Fundamentals of Sampling Method

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Fundamentals of Sampling Method. Week 4 Research Methods & Data Analysis. Tutorials. Thursday 30 th October 9-11 AG GL 20 (M. Mazzocchi) Tuesday 4 th November 11-1pm (H.Neeliah) You may attend: One (the most convenient for you) Both (it may be very useful) None (not really advised…).

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### Fundamentals of Sampling Method

Week 4

Research Methods & Data Analysis

Research Methods & Data Analysis

Tutorials
• Thursday 30th October9-11 AG GL 20 (M. Mazzocchi)
• Tuesday 4th November11-1pm (H.Neeliah)
• You may attend:
• One (the most convenient for you)
• Both (it may be very useful)

Research Methods & Data Analysis

Lecture outline
• Key notions of statistics
• Simple random sampling
• Sampling error
• Sampling size
• Other sampling methods

Research Methods & Data Analysis

Distributions
• A set of values of a set of data together with their
• Absolute frequencies
• Relative frequencies (probabilities)

Research Methods & Data Analysis

Relative and cumulate frequencies

fi=ni/N

Research Methods & Data Analysis

Distributions of random variables
• The distribution of possible values together with their probabilities (probability density function, p.d.f.)

Research Methods & Data Analysis

The normal (Gaussian) distribution
• …is the distribution representing perfect randomness around a mean value
• In statistics, the normal distribution play a key role in the theory of errors
• The central limit theorem implies that “averaging” almost always give origin to a normal distribution (error on the average is random), provided that the number of observation is large (>40)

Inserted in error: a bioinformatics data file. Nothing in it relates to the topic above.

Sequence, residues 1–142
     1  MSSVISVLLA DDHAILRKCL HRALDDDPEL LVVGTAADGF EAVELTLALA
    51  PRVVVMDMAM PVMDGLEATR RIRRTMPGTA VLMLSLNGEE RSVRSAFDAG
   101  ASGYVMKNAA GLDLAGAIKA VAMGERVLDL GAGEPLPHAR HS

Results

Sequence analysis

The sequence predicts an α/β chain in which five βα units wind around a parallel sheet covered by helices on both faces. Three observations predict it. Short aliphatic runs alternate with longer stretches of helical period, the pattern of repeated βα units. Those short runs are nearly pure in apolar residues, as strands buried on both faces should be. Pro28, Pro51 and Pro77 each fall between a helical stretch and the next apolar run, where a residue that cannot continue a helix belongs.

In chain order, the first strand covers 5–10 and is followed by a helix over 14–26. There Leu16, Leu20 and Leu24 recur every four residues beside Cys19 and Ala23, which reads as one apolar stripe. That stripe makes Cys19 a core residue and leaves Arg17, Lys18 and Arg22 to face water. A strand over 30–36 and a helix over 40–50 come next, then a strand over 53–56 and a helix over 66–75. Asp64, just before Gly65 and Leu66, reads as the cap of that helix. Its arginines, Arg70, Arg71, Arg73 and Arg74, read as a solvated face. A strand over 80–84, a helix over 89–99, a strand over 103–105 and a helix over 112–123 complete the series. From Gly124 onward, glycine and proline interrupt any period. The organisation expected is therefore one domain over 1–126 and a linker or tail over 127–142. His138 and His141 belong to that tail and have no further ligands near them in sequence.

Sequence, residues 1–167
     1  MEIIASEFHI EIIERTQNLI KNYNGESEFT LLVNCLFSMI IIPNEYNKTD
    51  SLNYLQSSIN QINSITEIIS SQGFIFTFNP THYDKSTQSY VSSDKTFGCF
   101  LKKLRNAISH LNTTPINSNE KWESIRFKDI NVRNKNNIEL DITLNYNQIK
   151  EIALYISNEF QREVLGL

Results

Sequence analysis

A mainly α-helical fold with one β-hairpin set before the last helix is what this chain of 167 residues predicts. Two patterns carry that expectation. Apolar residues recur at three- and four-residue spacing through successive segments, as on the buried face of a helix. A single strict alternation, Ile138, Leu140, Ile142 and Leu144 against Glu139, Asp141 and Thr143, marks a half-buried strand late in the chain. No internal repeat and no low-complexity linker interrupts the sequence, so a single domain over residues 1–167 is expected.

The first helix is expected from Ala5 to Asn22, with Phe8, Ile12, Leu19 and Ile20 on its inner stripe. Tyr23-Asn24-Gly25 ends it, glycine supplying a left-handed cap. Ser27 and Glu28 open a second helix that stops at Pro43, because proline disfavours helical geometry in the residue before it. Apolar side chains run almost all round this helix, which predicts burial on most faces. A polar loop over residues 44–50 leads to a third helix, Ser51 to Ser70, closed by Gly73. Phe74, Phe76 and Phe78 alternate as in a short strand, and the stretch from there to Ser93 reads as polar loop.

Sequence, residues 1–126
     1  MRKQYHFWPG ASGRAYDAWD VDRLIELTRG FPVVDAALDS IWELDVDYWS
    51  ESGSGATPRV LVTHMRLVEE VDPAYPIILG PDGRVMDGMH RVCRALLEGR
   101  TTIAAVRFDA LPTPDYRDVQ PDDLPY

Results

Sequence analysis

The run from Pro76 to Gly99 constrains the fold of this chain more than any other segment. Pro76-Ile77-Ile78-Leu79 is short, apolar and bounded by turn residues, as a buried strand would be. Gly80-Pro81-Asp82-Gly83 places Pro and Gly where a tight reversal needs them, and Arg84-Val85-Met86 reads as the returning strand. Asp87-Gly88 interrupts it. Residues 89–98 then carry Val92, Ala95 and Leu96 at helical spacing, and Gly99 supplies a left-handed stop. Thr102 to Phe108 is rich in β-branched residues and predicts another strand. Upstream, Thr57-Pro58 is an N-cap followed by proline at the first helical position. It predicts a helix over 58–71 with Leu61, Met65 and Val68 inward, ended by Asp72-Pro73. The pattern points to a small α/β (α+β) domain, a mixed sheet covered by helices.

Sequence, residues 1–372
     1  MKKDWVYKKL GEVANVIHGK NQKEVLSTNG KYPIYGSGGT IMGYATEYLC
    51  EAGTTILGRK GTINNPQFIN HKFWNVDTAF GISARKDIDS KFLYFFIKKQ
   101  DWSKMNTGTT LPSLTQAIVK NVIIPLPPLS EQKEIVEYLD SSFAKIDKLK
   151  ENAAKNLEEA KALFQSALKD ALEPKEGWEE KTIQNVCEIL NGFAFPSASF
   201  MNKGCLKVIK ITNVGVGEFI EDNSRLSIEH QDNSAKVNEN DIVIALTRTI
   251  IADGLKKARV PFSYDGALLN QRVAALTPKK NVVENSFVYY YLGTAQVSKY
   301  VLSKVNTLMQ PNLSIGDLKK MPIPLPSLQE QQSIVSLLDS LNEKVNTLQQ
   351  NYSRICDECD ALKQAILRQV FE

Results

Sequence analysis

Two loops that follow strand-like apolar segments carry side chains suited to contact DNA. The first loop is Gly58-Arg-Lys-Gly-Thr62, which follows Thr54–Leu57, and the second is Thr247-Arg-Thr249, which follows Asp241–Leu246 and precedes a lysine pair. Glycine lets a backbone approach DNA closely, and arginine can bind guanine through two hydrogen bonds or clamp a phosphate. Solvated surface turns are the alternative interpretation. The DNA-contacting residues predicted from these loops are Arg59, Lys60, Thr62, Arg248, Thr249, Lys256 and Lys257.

Research Methods & Data Analysis

The normal distribution

p

95% of values

0,025

0,025

m-1.96s

m

m+1.96s

Research Methods & Data Analysis

The student-t distribution
• When the parameter in the population has a normal distribution (with unknown variance), within the sample the parameter assumes a t distribution
• The t-distribution is similar to the normal distribution, apart from having higher tail-probabilities
• The bigger is the sample, the more similar the t-distribution is to the normal distribution
• For samples with more than 30-40 units, the difference between the two distributions is negligible

Research Methods & Data Analysis

The t-distribution

x-ta/2sx

x

x+ta/2sx

Research Methods & Data Analysis

ta/2 and za/2 – tabled values

Research Methods & Data Analysis

Population parameters(in a population of N elements)
• Mean
• Variance
• Standard deviation

Research Methods & Data Analysis

Sampling
• A sample is a subgroup of the population selected for the study
• Sample statistics allow to make inference about the population parameters, through estimation and hypothesis testing